were replaced, new guy-ropes supplied, and It did n't take him long to accustom himself a broken ridge-pole was mended. Dinner was to the place and its requirements. As Chub rather a hurried meal that day, for every fellow had said, he had height and reach, was quick and there were twenty odd left at school — and steady and clear-headed. Of course there was eager to get into camp. At three o'clock was talk; disgruntled fellows who had failed at the tents and outfits were loaded into row boats making the team sneered at Chub's favoritism, and transferred to the island. All afternoon and Horace found time from his rowing duties boats went back and forth on errands; baking to try and stir up discord amongst the baseball powder had been forgotten, Gallup wanted his

But Patten, who had more cause than camera, someone had neglected one of the anyone else to feel dissatisfied, had nothing to hatchets on the landing, cook had neglected to say. He had sense enough to realize that grind the coffee before packing it, four more Chub had given the position to the best man, blankets were needed, Mr. Buckman wanted a and enough of the right sort of spirit to be roll of adhesive plaster and a bottle of arnica. satisfied, so long as it was for the good of the Meanwhile the tents were erected, the old team and the school. Patten went out to right- cook-stove was set up and fuel gathered. At field, stifled his disappointment and “played five o'clock, Kirby, under Mr. Buckman's ball."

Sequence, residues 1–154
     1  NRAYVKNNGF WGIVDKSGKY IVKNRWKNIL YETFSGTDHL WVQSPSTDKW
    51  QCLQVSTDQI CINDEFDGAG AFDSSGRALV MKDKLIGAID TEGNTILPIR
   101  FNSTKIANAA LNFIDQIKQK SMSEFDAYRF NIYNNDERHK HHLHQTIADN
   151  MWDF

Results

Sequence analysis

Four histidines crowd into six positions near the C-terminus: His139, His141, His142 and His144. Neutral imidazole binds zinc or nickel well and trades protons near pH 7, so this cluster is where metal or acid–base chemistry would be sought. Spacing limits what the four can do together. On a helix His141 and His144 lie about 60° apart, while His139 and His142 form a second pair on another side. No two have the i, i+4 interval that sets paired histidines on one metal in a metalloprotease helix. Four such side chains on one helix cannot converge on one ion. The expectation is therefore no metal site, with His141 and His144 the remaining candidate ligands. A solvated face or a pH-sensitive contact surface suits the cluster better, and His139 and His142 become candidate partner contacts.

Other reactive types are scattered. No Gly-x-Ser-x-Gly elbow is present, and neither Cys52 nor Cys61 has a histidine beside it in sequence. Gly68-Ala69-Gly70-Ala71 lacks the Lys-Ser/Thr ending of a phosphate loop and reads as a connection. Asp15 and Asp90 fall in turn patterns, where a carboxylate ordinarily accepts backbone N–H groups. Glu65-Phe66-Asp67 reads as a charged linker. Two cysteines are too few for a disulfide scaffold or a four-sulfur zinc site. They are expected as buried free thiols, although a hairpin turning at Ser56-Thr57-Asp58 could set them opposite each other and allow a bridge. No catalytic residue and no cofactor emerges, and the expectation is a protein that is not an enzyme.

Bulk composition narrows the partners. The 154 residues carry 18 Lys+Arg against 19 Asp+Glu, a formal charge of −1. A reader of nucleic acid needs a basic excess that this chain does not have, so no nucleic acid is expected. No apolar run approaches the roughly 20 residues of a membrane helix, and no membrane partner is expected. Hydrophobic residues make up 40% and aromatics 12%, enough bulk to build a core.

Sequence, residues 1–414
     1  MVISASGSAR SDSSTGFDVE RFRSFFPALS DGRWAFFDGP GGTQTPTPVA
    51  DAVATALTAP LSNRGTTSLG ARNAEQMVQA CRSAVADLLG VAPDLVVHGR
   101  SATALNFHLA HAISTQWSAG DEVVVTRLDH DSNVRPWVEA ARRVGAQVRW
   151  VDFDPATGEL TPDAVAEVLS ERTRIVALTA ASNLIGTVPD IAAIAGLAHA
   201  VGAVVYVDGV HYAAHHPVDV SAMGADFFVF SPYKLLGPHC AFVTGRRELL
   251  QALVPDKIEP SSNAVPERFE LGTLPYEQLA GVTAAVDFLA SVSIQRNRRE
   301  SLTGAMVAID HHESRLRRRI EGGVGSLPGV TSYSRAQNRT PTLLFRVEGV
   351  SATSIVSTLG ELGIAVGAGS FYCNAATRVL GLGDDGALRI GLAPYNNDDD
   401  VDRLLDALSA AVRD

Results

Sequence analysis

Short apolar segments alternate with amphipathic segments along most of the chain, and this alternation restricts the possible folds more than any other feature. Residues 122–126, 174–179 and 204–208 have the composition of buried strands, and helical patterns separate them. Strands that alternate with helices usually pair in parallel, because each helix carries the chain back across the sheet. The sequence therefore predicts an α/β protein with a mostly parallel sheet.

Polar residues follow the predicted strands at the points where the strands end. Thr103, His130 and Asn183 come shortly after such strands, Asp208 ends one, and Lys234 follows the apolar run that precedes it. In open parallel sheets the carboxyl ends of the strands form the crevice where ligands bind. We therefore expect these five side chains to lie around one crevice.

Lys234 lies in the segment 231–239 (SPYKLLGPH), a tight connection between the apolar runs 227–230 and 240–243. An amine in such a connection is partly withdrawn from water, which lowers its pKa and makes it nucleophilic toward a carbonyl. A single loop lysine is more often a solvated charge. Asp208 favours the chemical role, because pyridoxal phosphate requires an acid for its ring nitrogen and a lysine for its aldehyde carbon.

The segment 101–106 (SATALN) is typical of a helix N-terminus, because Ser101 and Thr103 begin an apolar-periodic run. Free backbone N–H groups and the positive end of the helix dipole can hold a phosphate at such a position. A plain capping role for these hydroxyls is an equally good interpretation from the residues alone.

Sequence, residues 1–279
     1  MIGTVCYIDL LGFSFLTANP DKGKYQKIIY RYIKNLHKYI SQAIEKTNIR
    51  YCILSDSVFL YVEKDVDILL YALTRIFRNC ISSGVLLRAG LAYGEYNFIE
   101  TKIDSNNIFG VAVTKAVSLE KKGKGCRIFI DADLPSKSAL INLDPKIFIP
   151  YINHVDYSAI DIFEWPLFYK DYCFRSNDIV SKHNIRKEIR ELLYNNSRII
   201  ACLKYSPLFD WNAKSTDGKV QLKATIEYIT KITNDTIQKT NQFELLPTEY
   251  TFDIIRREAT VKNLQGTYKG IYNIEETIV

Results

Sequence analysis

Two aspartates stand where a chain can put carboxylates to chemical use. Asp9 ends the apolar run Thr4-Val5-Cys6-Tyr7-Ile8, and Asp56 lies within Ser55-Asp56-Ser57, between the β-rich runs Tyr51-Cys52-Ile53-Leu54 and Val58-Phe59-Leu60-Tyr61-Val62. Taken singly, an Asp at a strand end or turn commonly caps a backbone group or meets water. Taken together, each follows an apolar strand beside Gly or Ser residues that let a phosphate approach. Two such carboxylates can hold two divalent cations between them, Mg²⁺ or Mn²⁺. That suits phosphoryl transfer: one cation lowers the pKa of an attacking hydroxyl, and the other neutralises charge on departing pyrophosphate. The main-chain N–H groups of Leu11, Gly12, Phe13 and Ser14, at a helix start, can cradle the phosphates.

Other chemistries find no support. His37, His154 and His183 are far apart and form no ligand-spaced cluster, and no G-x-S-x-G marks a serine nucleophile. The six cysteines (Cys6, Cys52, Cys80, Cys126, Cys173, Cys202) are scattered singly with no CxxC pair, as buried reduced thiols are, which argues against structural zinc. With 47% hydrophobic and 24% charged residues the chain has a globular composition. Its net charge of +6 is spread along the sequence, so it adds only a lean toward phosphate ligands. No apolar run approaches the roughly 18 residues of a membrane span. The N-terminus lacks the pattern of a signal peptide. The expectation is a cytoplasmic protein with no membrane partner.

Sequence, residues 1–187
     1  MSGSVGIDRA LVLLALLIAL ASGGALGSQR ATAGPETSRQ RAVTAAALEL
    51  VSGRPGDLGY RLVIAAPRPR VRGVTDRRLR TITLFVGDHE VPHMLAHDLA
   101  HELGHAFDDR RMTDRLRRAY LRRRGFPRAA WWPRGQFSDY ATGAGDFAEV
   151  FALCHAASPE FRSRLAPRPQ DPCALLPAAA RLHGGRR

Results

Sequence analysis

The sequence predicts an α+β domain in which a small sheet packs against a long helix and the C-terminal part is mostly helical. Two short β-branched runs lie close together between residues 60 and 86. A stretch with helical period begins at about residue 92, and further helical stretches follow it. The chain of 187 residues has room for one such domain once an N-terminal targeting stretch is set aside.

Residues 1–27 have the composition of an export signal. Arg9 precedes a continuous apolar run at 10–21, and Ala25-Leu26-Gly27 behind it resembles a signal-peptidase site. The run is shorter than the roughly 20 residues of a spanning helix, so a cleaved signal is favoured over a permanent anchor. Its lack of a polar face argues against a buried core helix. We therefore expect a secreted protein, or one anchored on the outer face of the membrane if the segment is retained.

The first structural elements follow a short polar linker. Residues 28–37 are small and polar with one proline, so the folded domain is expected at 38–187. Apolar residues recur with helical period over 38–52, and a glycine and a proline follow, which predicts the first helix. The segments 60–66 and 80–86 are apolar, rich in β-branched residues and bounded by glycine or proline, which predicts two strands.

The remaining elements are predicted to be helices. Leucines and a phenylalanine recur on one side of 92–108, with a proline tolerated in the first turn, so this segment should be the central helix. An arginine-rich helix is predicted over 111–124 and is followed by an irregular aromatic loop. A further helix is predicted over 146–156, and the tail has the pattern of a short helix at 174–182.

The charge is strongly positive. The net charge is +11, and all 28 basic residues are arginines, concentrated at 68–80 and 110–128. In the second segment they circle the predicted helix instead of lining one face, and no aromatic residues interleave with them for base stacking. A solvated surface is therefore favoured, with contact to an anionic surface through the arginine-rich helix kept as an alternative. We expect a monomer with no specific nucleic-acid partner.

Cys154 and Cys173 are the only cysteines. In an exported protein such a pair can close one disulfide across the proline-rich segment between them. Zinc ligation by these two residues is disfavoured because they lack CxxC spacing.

tuition, began the preparation of the first meal. Chub must have been right. Unless he Roy and Chub and half a dozen others built “has it in him” no boy can learn to play base- the camp fire in the open space between the ball well in three months, as Roy did. Per- tents, piling up the brush and slanting the dead haps, though, Mr. Cobb's coaching deserves limbs above it until the whole looked like an more credit than I am giving it. He certainly Indian wigwam. Then came supper: bacon,


potatoes, tea, milk and “spider cake,” the over and get them back. But that did n't latter an indigestible but delightful concoction change the name of the cove." It was ten of thin flour batter poured into the frying pan o'clock when they got back to camp and and cooked until nice and soggy.